Can you see any real benefit to replacing a simple indemnification clause in a nonprofit’s bylaws with two pages of legalese that looks like it was copied from a statute book? It seems WAY over the top to me. There won’t be any board members who read it OR understand it (in my view).
This is a good and interesting question. We have chosen to include the longer complicated statement from the Nonprofit Corporation Law in our form of bylaws because it spells out clearly what is and what is not permitted. Simply saying that the organization will indemnify to the fullest extent permitted by law does not indicate what that extent is, and may also commit the organization in situations in which it does not want to indemnify a person. (Saying only that the corporation may indemnify to the fullest extent of the law is superfluous and does not provide real protection for those to be indemnified.) I agree that most people won’t read or understand the longer provision, until an indemnification issue actually arises. At that point, it is all there and people don’t have to go to the statute to see what is provided. (See Ready Reference Page: “Bylaws Function as ‘Constitution’ of Nonprofit Corporations”)
There is another issue, involving the advancement of expenses at the start of litigation, that we have tried to address in our form of bylaws, and which would presumably not be adequately dealt with if the bylaw just required indemnification to the fullest extent of the law. If the board decides to sue the treasurer for absconding with corporate funds, under an indemnify-all provision, the organization could probably not proceed with the suit until it advanced the funds to the treasurer to defend himself or herself. There are a couple of cases so holding. All the treasurer has to do is promise to repay the money if ultimately not entitled to it. But if the treasurer stole to support a gambling habit or other spending beyond income, the treasurer may never be in a position to return all of the money after losing the suit.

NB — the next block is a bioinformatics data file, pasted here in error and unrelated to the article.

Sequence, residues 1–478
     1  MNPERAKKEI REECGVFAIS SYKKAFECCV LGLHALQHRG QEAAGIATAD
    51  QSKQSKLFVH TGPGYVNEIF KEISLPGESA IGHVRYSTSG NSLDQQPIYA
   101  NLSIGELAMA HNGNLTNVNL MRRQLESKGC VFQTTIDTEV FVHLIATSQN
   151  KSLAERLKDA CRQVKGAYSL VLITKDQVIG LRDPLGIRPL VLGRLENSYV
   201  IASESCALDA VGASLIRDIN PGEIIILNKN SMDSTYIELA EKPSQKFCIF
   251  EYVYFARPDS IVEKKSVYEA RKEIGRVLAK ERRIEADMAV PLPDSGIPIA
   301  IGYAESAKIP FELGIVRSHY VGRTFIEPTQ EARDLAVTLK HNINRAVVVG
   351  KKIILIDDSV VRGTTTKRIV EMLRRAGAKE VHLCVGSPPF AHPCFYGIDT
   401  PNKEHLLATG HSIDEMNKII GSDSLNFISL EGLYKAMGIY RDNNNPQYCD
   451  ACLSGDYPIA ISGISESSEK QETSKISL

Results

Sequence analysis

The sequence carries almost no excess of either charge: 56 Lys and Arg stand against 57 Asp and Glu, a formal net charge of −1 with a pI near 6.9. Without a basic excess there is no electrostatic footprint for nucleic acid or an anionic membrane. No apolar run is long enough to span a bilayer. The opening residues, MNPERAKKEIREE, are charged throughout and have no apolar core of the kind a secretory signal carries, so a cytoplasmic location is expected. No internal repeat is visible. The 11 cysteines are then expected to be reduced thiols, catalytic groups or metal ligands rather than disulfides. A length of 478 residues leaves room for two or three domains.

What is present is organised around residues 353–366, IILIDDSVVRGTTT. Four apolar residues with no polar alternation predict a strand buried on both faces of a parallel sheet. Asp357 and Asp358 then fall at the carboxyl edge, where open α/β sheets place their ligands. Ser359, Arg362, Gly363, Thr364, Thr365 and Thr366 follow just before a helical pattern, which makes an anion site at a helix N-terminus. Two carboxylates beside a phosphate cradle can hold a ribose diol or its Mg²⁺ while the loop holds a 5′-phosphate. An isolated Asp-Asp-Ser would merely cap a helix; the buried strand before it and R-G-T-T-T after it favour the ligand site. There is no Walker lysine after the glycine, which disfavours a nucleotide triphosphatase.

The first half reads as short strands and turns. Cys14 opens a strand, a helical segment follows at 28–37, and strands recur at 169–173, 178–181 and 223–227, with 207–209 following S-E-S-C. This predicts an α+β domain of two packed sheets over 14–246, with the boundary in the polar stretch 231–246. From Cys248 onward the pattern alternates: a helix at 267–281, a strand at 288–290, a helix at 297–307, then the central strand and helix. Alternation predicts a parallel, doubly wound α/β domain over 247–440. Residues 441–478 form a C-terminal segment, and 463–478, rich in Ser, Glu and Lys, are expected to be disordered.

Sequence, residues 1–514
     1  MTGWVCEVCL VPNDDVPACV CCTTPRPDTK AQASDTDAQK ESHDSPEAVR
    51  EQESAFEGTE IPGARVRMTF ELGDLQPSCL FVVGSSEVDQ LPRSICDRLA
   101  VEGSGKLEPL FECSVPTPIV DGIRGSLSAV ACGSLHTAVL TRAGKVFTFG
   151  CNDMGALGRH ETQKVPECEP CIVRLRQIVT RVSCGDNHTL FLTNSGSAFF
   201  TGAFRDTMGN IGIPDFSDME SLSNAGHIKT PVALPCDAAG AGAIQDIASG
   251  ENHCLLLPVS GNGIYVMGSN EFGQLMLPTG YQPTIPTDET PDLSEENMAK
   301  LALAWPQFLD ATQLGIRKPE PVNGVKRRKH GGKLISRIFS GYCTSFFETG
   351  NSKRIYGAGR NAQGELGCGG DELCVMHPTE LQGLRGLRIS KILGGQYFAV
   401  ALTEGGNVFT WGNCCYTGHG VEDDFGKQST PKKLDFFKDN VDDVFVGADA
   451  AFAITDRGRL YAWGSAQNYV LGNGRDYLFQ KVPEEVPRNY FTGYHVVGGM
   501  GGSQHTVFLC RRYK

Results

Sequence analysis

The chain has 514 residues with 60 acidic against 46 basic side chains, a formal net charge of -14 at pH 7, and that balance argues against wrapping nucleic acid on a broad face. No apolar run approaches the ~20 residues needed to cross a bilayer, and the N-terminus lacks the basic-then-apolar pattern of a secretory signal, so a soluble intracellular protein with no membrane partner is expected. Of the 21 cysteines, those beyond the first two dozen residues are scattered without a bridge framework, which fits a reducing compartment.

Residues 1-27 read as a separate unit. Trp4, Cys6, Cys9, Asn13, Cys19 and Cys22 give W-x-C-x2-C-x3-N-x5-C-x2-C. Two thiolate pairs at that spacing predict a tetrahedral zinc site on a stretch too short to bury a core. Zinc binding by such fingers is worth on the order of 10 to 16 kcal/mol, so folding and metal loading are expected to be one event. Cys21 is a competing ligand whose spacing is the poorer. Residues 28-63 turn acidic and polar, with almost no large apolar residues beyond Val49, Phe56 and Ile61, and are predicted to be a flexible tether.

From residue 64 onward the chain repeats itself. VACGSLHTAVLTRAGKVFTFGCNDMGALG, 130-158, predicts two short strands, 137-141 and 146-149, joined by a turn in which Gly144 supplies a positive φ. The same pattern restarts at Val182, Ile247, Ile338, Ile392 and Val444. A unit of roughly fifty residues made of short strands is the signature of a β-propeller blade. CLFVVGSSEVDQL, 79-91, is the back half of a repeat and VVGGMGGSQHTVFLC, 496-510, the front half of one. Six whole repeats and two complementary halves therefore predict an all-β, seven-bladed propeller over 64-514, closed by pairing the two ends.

We provide in our bylaws that when an indemnitee is sued by or in the name of the corporation, the board has the power to decide whether or not to advance costs. If a bunch of members brought a baseless suit, the board presumably would advance defense costs. But in the case of the treasurer’s theft, it would not. This choice may all be rendered moot by the terms of a Directors & Officers insurance policy, but we have included it nevertheless.
I understand your aversion to language like that you describe, but I think there is a benefit in being more precise on these particular issues.